Meanwhile, at every turn, we are told that we need to work harder, to become even more efficient to “compete”. The UK does not have enough educated people so they must be imported from countries which have even fewer educated people. Mr. Obama speech on anti-intellectualism stressed that kindness, compassion, honesty and hard work often matter more than technical skills but this message seems lost on everyone.
If we question or complain about globalisation, about immigration or about capitalism we are deemed stupid or xenophobic. A recent Facebook post chimed in with this. It read: “Totally failed at life? Then why not blame a foreigner, it’s so much easier than taking responsibility for your own choices“. The implication being that if you are poor or homeless or unemployed or suffering some physical or emotional trauma then it’s your own fault and the society in which you live does not give a shit. A similar series of comments on a newspaper site stated that if your couldn’t compete against non-English speaking, uneducated immigrants then your were a “loser”.
Of course the clever and well educated can never admit their contempt for the poor and uneducated and so politician of all stripes pay lip service to defending the rights of the poor……. but only in a theoretical sense. Politicians argue that their policies will benefit the underclass in the long run ….. but in the long run we’re all dead.
It is true that education increases life chances but we can’t all be doctors, lawyers and entrepreneurs. This is the myth of American style meritocracy. A massive marketing machine indoctrinates us with the fallacy that we can all attain great wealth. We are encouraged to accept our current state of inequality or poverty believing that if we try just a bit harder then we too can be part of the top 1%. This is bollocks!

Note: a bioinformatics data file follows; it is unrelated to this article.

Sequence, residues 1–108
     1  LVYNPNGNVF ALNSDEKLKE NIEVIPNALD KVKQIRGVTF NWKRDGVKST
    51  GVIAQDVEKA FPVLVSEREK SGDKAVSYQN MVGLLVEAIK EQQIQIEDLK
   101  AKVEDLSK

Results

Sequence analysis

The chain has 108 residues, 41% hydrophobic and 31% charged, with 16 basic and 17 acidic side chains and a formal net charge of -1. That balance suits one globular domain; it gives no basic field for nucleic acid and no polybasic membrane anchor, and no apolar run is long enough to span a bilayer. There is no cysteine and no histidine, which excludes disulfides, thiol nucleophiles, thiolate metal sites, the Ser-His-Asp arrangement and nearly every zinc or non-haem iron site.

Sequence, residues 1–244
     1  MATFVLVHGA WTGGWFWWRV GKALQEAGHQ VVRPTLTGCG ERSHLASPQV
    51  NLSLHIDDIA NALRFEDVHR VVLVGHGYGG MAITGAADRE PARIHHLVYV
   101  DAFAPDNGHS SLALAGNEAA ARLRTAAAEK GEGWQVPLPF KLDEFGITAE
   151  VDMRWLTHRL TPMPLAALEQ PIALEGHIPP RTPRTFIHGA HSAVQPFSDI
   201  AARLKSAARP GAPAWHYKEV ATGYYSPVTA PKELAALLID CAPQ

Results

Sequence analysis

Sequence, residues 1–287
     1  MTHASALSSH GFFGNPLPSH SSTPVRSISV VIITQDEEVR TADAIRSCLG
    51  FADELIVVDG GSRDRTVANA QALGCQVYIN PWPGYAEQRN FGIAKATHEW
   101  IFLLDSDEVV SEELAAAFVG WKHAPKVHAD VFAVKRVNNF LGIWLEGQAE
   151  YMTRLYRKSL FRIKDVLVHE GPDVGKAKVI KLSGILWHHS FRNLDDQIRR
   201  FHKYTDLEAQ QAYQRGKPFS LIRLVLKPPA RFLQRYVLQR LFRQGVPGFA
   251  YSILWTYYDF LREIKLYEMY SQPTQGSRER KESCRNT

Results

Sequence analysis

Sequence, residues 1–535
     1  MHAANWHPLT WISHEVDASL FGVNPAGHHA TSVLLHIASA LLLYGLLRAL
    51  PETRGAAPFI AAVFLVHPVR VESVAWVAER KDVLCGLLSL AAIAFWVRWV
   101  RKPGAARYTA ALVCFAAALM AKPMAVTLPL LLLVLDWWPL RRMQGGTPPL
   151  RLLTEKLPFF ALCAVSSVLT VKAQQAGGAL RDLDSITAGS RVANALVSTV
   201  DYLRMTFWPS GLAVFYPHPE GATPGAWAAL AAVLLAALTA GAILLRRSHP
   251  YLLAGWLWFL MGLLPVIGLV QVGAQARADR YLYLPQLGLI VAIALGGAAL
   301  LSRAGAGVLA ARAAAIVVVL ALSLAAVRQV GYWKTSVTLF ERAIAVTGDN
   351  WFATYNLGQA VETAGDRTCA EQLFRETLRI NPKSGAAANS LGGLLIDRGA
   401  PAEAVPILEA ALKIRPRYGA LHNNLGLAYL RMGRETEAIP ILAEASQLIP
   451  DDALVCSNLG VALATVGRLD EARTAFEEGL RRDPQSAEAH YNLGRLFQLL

Contempt for the poor and uneducated permeates UK politics. If one of the underclass dare to stammer out their poorly articulated objections about the reality in the here and now then they are intimidated with pompous overblown rhetoric and dubious facts and figures. In 2014 I had a twitter exchange with David Aranonovich the journalist and son of communist intellectual Sam Aaronovitch. He had appeared on BBC political debate program Question Time discussing EU membership with a homeless and jobless man who had protested that the person who had interviewed him for state housing had been an immigrant. Aranonovich insinuated that the guy was a racist and, in a later twitter exchange, said “We all face competition here & abroad. Nothing is guaranteed….” – While we might expect such a callous opinion from a Tory it is staggering that this is the opinion of a leading member of the British Left. Of course, the Tories are worse. In their pursuit of austerity they ignore the criminality of the (intellectual) bankers and target the (uneducated) poor. It has taken the threat of BREXIT for the British leadership to begrudgingly admit that, while England morphs from post war land of warm beer and Ford Cortinas to a multicultural New York style super-city, mass immigration is detrimental to the working poor.